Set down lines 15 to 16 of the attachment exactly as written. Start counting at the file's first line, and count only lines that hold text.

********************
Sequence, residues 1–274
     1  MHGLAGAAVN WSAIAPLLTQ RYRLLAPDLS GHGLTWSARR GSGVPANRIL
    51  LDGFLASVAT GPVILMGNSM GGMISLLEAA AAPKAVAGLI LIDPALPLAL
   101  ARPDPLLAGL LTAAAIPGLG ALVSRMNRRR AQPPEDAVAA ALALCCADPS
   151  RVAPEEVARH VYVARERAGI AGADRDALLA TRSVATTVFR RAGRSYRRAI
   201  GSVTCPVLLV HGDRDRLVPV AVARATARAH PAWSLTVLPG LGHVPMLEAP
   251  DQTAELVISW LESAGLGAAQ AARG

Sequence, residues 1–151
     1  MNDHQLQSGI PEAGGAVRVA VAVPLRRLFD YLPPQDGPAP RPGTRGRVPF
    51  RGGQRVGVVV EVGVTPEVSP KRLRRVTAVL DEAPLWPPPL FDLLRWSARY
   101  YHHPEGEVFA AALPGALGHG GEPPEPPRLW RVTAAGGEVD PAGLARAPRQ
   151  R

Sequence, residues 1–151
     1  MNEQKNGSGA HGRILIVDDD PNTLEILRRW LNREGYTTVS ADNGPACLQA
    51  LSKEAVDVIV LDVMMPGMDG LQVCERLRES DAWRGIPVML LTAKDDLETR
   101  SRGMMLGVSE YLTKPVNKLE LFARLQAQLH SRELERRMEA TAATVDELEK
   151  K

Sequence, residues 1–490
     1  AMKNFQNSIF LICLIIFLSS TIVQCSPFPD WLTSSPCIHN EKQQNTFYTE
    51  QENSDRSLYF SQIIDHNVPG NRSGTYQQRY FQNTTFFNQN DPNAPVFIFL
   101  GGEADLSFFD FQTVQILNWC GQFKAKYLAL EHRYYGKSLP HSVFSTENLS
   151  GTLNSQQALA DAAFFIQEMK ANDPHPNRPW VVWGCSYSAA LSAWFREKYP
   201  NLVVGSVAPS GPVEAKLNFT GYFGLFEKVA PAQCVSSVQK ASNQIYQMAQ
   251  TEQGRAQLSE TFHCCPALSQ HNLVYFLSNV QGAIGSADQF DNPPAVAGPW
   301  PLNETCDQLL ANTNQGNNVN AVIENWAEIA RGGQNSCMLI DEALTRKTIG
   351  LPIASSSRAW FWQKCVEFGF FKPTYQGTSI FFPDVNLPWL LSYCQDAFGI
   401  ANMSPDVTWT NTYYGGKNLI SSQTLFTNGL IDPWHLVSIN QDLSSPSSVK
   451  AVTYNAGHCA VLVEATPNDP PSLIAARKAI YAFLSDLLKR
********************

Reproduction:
    51  LSKEAVDVIV LDVMMPGMDG LQVCERLRES DAWRGIPVML LTAKDDLETR
   101  SRGMMLGVSE YLTKPVNKLE LFARLQAQLH SRELERRMEA TAATVDELEK